2. Act quickly to develop a bridge program between SREC-II and the next phase of the Solar Carve Out program.

Massachusetts is a national leader in solar and clean energy technology, ranking 4th in the nation in terms of cumulative installed solar capacity, which has grown to more than 985 megawatts in 2015. We’re proud to be a part of that growth. The savings realized through our solar energy investment allows us to create jobs within our companies, make critical investments in equipment, technology, property, and attract new talent, right here in Massachusetts.

We ask you to work as quickly possible to pass the legislation needed to keep the solar industry moving forward and benefiting business owners like ourselves.

Thank you for your time and your assistance on this important matter.


Laury Hammel
The Longfellow Clubs
Michael Anthony Moscaritolo
Chief Financial Officer
Windsor Architectural Woodworking
Peter Humphrey
Horner Millwork, North Atlantic Corporation
Robert M. Jokela
Asst. Superintendent, Finance & Operations
Fitchburg Public Schools
Joseph J. O’Connor
Vice President
New England Resins & Pigments Co.
Leverett P. Flint
Wilevco, Inc.
Paul D. Engel
Quabbin Wire & Cable Co., Inc.
Steve Edmonds
Sales Manager
Northeast Electrical Distributors
Nathan Pedro
Energy Solutions Manager
Northeast Electrical Distributors
Scott Barry
Executive Manager
Long Subaru, Inc.
William LeBlanc
LeBlanc Enterprises, Inc.
Steven Greenwald
Greenwald & Greenwald, LLP
Thomas Mahoney
Mahoney’s Garden Centers
Karl D. Almond
VP, Senior Special Projects Manager
North Atlantic Corporation
Daniel G. Griswold
VP Finance
Quabbin Wire & Cable Co., Inc.
Lindsey Albernaz
Director of Business and Finance
Somerset Public Schools
Blake Welker
Solar Customer Service Manager
Northeast Electrical Distributors
James M. Dion
VP Finance
United Solutions
Valerie Odell
Northeast Automatic Sprinkler Co., Inc.
Charles D. Whitten
Juniper Development Group
Mikhail Glazomitsky
Chief Operating Officer
Bright Planet Solar
Aaron Katz
Chief Executive Officer
Bright Planet Solar
Michael Nedeau
President, Owner
Party By Design, Inc.
Frances Andahazy
Chief Executive Officer, Owner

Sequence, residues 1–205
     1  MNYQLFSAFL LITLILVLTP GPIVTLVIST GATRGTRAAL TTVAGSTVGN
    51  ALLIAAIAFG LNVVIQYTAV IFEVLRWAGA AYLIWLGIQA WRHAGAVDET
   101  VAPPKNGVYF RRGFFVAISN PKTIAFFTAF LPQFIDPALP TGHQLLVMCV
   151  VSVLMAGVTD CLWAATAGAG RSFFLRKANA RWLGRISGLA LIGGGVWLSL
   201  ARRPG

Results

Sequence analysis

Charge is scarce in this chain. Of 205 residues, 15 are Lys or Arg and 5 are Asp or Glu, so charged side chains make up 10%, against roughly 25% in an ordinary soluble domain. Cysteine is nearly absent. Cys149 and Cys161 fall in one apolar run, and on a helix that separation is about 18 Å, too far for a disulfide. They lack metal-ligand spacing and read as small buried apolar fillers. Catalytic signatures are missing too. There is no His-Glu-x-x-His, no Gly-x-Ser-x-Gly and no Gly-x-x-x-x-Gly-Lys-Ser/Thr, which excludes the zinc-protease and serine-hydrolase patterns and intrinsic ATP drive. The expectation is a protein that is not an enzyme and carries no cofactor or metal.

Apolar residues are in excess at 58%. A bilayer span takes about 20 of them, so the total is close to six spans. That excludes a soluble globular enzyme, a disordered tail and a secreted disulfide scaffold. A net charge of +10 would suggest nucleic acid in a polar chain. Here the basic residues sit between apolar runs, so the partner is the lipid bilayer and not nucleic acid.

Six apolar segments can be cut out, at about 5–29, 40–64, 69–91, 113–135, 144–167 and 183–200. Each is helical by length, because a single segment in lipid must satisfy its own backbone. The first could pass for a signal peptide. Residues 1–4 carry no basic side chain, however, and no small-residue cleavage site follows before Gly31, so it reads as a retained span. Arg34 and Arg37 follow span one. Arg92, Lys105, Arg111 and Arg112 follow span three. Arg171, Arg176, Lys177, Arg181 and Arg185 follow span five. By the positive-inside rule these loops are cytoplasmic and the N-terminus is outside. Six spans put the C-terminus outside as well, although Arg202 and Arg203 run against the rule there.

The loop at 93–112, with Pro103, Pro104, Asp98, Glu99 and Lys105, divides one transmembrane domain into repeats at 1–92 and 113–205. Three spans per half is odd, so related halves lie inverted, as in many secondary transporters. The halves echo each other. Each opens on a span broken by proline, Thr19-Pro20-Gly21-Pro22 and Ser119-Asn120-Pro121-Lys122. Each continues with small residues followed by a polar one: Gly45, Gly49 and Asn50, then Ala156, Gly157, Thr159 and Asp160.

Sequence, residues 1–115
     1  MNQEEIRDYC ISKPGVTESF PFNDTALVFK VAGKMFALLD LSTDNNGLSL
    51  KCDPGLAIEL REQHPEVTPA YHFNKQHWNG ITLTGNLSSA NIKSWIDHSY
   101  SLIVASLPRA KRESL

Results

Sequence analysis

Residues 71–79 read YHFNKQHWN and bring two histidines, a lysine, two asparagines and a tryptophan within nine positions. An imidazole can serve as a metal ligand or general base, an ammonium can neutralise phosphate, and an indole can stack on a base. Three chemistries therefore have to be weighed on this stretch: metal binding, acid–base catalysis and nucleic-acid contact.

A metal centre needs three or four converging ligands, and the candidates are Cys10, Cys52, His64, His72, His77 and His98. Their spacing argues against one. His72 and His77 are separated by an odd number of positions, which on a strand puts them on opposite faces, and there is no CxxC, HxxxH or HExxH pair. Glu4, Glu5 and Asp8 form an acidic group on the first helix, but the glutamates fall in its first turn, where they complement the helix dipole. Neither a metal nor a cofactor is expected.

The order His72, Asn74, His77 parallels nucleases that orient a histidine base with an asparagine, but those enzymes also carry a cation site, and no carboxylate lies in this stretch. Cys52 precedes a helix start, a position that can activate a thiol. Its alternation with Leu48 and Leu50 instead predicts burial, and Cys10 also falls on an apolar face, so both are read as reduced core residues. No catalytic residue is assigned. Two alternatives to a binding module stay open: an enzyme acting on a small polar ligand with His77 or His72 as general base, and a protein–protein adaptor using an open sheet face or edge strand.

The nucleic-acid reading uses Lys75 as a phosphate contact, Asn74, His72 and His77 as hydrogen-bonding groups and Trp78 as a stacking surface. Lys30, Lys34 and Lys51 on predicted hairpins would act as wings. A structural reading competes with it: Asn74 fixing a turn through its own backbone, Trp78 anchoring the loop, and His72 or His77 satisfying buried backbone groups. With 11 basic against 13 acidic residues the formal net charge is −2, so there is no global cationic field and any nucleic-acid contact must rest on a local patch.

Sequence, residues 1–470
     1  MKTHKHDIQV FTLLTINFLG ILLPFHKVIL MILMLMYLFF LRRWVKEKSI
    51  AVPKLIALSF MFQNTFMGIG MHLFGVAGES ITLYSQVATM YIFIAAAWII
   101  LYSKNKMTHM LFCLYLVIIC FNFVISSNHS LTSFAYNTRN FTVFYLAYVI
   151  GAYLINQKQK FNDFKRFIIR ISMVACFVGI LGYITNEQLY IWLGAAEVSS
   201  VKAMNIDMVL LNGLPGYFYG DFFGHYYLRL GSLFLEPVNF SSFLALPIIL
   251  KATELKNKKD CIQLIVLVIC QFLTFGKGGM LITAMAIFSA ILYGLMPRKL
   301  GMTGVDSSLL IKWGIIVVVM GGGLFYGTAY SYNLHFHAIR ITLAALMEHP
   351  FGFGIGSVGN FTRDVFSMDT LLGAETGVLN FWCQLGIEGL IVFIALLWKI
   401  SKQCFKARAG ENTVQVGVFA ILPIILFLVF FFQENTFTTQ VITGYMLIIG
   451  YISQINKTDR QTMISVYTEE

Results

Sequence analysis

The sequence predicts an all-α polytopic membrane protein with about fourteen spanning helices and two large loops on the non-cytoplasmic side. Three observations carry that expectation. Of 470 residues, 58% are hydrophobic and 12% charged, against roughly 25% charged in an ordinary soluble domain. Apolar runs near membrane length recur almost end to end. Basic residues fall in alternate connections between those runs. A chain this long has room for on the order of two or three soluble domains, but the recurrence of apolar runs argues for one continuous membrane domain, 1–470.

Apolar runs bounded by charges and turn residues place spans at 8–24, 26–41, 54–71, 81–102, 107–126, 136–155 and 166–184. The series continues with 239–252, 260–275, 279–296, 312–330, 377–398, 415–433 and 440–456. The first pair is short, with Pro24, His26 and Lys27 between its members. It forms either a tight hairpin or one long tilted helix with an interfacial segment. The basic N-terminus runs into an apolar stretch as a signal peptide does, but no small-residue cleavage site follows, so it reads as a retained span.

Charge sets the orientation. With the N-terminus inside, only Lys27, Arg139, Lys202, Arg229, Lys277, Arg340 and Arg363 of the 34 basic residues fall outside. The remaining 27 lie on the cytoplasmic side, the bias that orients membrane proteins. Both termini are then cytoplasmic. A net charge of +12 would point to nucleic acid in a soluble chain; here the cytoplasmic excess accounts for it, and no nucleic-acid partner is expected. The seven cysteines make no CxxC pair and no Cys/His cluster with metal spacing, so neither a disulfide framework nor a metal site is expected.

Party By Design, Inc.
Debbie Dodge
The Dodge Company
James S. George
Infill Development Partners, Inc.
Barry T. Madden
General Manager, Owner
Franklin Ford
Don Cornell
Vice President
Shred King Corp.
Charles Cederberg
Larson Tool & Stamping
Kelly Cornell
Shred King Corp.
Amy Bresnahan
Shred King Corp.
Vicky Spillane
Vice President
Shred King Corp.
Edward J. O’Neill III
Vice President
Joseph P. Sullivan & Co., Inc.
Craig Binney
AVP for Finance and Operations
Stonehill College
James P. Chew
C&R Tire Co.
Lawrence A. Zonenshine
Mansfield Auto Care Inc.
Joseph A. Strazzulla
Owner, President
Main Street Property, Inc.
William P. Deshler Jr.
Chief Operating Officer
GFI Partners
Kristin Bell
Asset Manager
CRE Management
Steven E. Goodman
Founding Partner
GFI Partners
James R. Kelly Jr.
Major Account Executive
Tyco Integrated Security
Susan Kelly
Sales Support Coordinator
Edward R. Serpe
Senior VP, Finance & Operations
Alder Foods Inc.
John Majercak
Center for EcoTechnology
Michael A. Giombetti
Vice President
Giombetti Electric, Inc.
Donald A. Giombetti
Giombetti Electric, Inc.
Douglas Freeman
Managing Member
Southborough Solar, LLC.
Donald Block
NorthEast Electrical Distributors
Philip L. Harper Jr.
Lumber Street Auto Repair, Inc.
Troy Briggs
Sr. Regional VP
Phoenix Annuities
Louis Franchi
VP Operations
Franchi Management Co. Inc.
Jessica Jones-Hughes
Vice President
Gerald F. McCarthy
Vice President
Cape Ann Seafood Exchange, Inc.
Hunter Emerson
Equity Industrial Partners Corp.
Larry Spencer
Chief Executive Officer
Cerebral Palsy of Massachusetts, Inc.
James A. Hassan
CSH Industries Inc.
Shawn Knightly
Project Manager
CentiMark Corp.
Jonathan Helmuth
Account Manager


Cc: His Excellency Charles D. Baker

Cc: The Honorable Robert A. DeLeo, Speaker

Cc: The Honorable Stanley C. Rosenberg, Senate President

Cc: Secretary Matthew A. Beaton, Executive Office of Energy and Environmental Affairs

Cc: Commissioner Judith Judson, Department of Energy Resources